From the 1990s to mid-2000s something happened within power dynamics of interiority, the idea that music, as art, can transcend, transport, and transform experience. During this time, verbal notation, a score construction relying on prose notation, was a tool used by composers for shifting the litmus test of interiority away from themselves and onto performers. As performers became the main generators of music’s interiority, fractured legacies of interiority from the eighteenth and nineteenth- century developed as compositional devices within the scores. With this shift, performers produced the composition’s interiority and in turn its justification as art.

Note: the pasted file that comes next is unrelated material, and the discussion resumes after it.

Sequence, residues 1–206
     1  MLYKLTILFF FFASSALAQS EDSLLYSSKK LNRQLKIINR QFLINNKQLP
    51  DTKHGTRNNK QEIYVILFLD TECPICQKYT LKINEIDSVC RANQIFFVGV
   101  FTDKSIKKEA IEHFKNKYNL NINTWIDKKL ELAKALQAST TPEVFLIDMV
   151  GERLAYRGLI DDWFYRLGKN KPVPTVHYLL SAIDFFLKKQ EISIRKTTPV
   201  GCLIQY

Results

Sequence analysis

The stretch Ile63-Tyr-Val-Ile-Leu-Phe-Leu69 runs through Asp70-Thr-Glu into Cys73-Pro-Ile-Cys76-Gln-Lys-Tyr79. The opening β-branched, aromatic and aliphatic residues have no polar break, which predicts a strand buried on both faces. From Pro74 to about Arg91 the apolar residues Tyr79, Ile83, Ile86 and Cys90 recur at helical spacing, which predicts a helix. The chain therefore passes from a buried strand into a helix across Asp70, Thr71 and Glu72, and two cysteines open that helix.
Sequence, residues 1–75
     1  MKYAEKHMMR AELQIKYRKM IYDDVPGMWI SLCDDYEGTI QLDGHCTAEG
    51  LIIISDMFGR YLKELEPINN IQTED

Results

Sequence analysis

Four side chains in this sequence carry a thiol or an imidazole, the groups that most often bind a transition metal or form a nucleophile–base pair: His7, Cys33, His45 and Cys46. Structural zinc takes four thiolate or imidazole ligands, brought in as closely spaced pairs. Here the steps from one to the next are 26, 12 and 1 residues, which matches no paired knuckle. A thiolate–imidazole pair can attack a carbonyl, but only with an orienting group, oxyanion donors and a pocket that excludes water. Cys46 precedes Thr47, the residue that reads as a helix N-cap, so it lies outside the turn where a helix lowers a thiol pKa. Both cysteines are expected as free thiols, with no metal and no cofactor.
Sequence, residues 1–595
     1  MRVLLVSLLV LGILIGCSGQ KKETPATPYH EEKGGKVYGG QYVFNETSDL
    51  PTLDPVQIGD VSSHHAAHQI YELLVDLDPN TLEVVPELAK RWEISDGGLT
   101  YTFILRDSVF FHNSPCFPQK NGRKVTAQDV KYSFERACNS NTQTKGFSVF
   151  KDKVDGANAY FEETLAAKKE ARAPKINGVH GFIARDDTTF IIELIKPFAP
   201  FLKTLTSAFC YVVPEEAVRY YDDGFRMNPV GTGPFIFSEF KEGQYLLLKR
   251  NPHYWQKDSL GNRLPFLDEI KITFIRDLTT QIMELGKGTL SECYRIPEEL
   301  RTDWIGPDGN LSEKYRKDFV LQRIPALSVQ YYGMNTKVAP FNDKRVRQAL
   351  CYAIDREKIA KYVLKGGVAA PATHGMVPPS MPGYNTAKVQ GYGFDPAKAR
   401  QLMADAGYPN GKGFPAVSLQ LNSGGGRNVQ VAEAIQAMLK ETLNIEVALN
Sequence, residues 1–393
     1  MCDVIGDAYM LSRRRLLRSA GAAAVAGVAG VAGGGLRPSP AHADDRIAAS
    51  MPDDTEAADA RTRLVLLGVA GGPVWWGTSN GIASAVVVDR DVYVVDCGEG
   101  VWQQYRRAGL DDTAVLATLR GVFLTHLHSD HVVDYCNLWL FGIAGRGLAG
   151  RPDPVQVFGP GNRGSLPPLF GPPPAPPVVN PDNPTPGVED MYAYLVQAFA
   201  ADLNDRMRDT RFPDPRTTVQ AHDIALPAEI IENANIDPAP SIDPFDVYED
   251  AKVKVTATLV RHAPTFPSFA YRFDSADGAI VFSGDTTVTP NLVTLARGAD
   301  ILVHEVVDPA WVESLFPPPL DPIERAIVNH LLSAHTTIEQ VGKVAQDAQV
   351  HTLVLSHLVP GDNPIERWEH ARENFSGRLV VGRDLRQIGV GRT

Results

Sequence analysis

Similarly, in the1990s, the field of musicology experienced a paradigm shift from composer-centric (mind) discourse to performer-centric (body) discourse with works such as Feminine Endings (1991) and Queering the Pitch (1996). As a signifier of transcendent practice, interiority was studied as coming from bodies. In verbally notated scores, however, interiority is generated simultaneously by the performer’s body and intellect. By focusing on three verbally notated scores, I assert verbally notated scores, as a subset of American Experimentalism, perpetuated a fragmented legacy of interiority within its performers. In this presentation, I examine Pauline Oliveros Breaking Boundaries (1991); Stephon Montague’s Kristallnacht (1998); and Jennifer Walshe’s This is Why People O.D. On Pills/and Jump From the Golden Gate Bridge (2004). Drawing from John Lely Word Events (2012), I use the grammatical tools of context, processes, and voice to question how and what kind of interiority these three scores demand from their performers.